Of course: none of this will mean squat if she (or the eventual Democratic winner, who I will vote for regardless of who it is, but as you can probably tell, she’s my ride or die) don’t a) win the White House and then do as they promised on the campaign trail, and b) don’t have a Democratic House and Senate willing to have a backbone and pass the laws. Even Nancy Pelosi, much as she’s otherwise a badass, held off on opening a formal impeachment inquiry into Trump for months out of fear it would benefit him, until the Ukraine thing fell into everyone’s laps. The Democrats are really horrible at sticking together and voting the party line the way Republicans do consistently, because Democrats are big-tent people who like to think of themselves as accepting and tolerant of other views and unwilling to force their members’ hands. The Republicans have no such qualms (and indeed, judging by their enabling of Trump, have no qualms at all).

The modern American Republican party has become a vehicle for no-holds-barred power for rich white men at the expense of absolutely everything and everyone else, and if your rationale is that you can’t vote for the person opposing Donald Goddamn Trump is that you’re just not vibing with them on the language of that one policy proposal… well, I’m glad that you, White Middle Class Liberal, feel relatively safe that the consequences of that decision won’t affect you personally. Even if we’re due to be out of the Paris Climate Accords one day after the 2020 election, and the issue of climate change now has the most visibility it’s ever had after years of big-business, Republican-led efforts to deny and discredit the science, hey, Secret Corporate Shill, am I right? Can’t trust ‘er. Let’s go have a craft beer.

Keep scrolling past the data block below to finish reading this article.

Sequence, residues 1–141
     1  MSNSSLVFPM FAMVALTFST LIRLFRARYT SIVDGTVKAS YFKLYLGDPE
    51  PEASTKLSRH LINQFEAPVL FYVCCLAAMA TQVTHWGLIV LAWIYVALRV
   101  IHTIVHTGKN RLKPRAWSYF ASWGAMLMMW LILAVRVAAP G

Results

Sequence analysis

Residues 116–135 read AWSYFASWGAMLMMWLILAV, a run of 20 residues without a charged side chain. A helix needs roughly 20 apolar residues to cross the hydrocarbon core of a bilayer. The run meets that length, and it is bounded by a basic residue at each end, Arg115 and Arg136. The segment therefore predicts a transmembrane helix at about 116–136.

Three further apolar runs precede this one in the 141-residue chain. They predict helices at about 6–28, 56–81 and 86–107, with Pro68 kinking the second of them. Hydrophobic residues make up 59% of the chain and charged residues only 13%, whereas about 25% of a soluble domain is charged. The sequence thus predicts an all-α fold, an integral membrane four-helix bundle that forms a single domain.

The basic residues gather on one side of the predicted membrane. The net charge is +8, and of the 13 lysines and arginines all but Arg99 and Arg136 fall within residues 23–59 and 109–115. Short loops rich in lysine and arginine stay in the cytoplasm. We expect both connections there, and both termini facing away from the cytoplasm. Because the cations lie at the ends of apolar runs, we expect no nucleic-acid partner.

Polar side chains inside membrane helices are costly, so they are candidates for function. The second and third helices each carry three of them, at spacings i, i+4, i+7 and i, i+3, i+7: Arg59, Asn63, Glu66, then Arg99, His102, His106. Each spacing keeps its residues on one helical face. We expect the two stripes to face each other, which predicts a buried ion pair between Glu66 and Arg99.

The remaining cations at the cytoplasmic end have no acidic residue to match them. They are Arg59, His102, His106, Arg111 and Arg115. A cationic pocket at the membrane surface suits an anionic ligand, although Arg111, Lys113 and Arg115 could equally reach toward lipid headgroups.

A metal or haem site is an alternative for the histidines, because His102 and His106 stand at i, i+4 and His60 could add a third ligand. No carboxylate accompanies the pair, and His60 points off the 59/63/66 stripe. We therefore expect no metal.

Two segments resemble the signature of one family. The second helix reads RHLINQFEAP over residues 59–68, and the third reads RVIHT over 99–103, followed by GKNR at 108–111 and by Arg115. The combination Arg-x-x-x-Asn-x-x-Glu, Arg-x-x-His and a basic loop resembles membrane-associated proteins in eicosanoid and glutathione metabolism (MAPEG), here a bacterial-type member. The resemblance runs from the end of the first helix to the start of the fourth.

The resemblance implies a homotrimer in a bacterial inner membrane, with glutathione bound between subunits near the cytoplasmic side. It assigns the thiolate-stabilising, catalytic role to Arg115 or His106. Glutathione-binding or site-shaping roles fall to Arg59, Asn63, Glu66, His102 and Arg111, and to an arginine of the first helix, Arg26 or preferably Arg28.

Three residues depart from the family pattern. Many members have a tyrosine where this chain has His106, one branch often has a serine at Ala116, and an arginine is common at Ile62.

As has been said before: vote as far left as you want in the primary. Vote your ideology, vote whatever candidate you want, because the only way to make actual, real-world change is to do that. The huge, embedded, all-consuming and horrible system in which we operate is not just going to suddenly be run by fairy dust and happy thoughts overnight. Select candidates that reflect your values exactly, be as picky and ideologically militant as you want. That’s the time to do that! Then when it comes to the general election:

  • America is a two-party system. It sucks, but that’s the case. Third-party votes, or refraining from voting because “it doesn’t matter” are functionally useless at best and actively harmful at worst.
  • Either the Democratic candidate or Donald Trump will win the 2020 election.
  • There is absolutely no length that the Republican/GOP machine, and its malevolent allies elsewhere, will not go to in order to secure a Trump victory. None.
  • Any talk whatsoever about “progressive values” or any kind of liberal activism, coupled with a course of action that increases the possibility of a Trump victory, is hypocritical at best and actively malicious at worst.